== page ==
Lecture #1: Introduction to machine learning (ML)
Hardware speed and capability increases at a faster rate to software. The gap is increasing daily.
Programs still need to be crafted (handmade) by programmers.
Since the 1950s, computer scientists have tried to give computers the ability to learn.
ML (Mitchell) – Subfield of AI concerned with computer programs that learn from experience.
ML is building computer programs that improve its performance (its learning) of doing some task using
observed data or past experience.
An ML program (learner) tries to learn from the observed data (examples) and generates a model that
could respond (predict) to future data or describe the data seen.
A model is then, a structure that represents or summarizes some data.
Example: ML program gets a set of patient cases with their diagnoses. The program will either:
Predict a disease present in future patients, or
Describe the relationship between diseases and symptoms
ML is like searching a very large space of hypotheses to find the one that best fits the observed data, and
that can generalize well with observations outside the training set.
Great goal of ML
Tell the computer what task we want it to perform and make it to learn to perform that task efficiently.
ML: emphasis on learning, different than expert systems: emphasis on expert knowledge
Expert systems don't learn from experiences
They encode expert knowledge about ho they make particular kinds of decisions.
ML is an interdisciplinary field using principles and concepts from Statistics, Computer Science, Applied
Mathematics, Cognitive Science, Engineering, Economics, Neuroscience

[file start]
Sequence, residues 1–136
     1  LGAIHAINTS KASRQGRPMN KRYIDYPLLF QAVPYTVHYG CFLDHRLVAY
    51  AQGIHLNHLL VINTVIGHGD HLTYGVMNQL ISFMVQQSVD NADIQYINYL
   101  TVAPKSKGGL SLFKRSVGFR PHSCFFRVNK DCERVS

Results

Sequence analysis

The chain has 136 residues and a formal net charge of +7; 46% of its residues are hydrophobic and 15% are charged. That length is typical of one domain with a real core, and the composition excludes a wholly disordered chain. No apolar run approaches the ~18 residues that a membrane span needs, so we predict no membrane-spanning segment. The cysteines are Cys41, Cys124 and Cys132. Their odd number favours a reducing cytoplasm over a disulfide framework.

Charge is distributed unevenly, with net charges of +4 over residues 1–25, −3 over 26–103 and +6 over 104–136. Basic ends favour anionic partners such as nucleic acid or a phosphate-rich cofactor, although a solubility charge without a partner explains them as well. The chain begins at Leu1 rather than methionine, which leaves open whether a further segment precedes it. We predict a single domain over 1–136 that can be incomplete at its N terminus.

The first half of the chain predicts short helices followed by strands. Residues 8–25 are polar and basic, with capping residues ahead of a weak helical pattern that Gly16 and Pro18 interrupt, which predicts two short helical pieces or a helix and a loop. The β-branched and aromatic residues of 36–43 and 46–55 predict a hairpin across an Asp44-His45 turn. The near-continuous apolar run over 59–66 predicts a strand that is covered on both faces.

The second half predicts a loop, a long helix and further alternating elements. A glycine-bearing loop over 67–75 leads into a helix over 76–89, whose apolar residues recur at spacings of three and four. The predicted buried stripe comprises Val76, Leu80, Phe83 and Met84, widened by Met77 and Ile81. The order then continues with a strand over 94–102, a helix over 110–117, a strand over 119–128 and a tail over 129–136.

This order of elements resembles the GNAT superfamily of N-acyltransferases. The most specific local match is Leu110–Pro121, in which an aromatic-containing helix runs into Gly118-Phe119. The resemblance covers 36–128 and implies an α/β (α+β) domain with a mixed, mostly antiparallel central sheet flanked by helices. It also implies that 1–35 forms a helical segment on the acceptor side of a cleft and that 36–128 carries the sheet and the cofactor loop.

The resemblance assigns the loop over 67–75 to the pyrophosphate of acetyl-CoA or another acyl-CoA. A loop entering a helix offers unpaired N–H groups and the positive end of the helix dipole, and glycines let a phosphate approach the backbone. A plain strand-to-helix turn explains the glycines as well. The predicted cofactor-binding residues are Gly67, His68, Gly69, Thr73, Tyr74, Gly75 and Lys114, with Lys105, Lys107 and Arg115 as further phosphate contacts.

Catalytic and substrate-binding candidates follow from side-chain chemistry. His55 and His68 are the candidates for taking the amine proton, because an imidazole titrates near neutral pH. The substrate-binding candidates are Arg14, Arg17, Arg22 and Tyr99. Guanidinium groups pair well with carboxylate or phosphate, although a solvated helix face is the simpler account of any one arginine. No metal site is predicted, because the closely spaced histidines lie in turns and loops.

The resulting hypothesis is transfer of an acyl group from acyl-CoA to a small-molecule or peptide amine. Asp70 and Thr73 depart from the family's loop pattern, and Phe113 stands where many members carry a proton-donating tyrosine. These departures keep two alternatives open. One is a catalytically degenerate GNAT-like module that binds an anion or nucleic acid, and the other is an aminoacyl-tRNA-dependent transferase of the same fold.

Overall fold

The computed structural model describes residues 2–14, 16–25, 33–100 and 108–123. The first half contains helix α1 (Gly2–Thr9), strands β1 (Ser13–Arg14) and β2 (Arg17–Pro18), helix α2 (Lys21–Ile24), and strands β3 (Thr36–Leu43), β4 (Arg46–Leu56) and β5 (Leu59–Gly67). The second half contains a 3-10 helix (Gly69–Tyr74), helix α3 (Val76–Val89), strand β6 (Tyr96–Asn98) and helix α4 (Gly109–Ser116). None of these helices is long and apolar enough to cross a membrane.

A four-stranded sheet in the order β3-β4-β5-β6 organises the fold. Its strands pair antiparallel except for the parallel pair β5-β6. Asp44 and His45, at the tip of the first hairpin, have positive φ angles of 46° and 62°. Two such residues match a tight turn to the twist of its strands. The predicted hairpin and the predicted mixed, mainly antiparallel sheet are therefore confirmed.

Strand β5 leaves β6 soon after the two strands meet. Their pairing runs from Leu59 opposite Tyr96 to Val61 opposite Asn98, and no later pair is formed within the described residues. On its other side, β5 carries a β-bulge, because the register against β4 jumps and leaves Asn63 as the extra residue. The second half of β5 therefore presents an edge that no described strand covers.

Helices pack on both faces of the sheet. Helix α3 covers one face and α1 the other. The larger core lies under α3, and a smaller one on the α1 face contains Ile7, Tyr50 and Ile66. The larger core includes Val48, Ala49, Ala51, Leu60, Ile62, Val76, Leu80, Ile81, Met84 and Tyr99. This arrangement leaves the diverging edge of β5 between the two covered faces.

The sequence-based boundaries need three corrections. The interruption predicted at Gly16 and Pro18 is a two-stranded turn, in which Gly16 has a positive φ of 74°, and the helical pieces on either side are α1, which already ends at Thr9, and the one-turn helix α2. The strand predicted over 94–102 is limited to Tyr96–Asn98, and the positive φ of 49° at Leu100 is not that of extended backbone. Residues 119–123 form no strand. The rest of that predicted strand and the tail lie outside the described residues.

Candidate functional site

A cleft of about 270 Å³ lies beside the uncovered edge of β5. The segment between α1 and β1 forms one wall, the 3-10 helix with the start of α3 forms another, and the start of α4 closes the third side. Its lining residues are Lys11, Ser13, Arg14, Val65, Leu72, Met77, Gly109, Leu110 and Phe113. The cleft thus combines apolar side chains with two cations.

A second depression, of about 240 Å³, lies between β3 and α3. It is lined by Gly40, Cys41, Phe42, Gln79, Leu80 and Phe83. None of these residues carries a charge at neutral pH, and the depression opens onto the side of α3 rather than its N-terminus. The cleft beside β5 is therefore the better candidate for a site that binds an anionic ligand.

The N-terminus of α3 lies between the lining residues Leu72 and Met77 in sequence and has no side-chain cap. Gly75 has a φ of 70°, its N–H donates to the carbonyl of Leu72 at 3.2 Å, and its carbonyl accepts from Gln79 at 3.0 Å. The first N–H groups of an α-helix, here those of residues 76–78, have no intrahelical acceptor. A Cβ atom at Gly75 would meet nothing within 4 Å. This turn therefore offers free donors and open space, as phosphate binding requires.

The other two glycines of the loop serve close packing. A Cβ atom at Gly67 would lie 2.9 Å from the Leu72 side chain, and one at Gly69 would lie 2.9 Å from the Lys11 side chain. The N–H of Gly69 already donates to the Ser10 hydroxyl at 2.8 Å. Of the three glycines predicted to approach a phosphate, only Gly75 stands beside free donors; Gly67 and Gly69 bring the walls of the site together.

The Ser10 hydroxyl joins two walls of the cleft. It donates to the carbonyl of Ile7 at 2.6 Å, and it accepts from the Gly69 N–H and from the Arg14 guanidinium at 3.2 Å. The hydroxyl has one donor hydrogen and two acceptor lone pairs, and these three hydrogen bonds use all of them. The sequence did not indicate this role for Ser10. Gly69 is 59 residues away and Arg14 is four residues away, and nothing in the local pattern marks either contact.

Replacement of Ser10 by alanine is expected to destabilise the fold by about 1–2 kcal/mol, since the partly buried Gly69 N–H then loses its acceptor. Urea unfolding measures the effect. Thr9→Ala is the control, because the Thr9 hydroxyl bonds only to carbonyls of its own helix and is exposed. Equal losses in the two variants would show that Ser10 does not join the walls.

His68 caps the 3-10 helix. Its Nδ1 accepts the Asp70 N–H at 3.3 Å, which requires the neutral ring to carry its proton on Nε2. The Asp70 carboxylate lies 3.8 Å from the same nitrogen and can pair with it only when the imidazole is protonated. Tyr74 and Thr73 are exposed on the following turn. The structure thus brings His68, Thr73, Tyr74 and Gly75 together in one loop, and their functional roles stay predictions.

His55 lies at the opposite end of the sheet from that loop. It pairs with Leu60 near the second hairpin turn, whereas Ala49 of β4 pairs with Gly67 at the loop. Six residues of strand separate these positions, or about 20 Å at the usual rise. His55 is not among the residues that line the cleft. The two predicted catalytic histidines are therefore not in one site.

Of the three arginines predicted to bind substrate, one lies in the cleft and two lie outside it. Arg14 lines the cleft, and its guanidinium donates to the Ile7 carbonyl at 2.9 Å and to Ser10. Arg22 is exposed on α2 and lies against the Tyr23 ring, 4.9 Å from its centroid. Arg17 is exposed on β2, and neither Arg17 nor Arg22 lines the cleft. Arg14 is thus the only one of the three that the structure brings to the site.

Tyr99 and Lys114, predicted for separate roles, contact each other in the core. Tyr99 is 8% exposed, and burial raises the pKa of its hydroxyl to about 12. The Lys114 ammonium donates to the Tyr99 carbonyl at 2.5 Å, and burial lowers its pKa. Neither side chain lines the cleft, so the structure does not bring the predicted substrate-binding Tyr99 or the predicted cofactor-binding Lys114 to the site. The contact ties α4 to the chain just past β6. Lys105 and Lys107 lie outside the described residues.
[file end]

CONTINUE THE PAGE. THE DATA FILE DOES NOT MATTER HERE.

ML includes algorithms and techniques found in Data Mining, Pattern Recognition, Neural Networks …
When expertise does not exist (navigating on Mars)
Solution cannot be expressed bu a deterministic equation (face recognition)
Solution changes in time (routing on a computer network)
Solution needs to be adapted to particular cases (user biometrics)
Market basket analysis
Automatic speech recognition
Object, face, or hand writing recognition
Bioinformatics (e.g., protein structure prediction)
Types of Learning
It occurs when the observed data includes the correct or expected output. Learning is called:
Detection if output is binary (Y/N, 0/1, True/False).
Example: Fraud detection
Classification if output is one of several classes (e.g., output is either low, medium, or high).
Example: Credit Scoring
Two classes of customers asking for a loan: low-risk and high-risk.
Input features are their income and savings.
Classifier using discriminant: IF income > θ1 AND savings > θ2 THEN low-risk ELSE high-risk
Finding the right values for θ1 and θ2 is part of learning
Other classifiers use a density estimation functions (instead of finding a discriminant) where each
class is represented by a probability density function (e.g., Gaussian)
Several classification applications: Face recognition, character recognition, speech recognition,
medical diagnosis ...
Regression if output is a real value.
Example: Determining the price of a car
x: car attributes, y: price (y = wx+w0)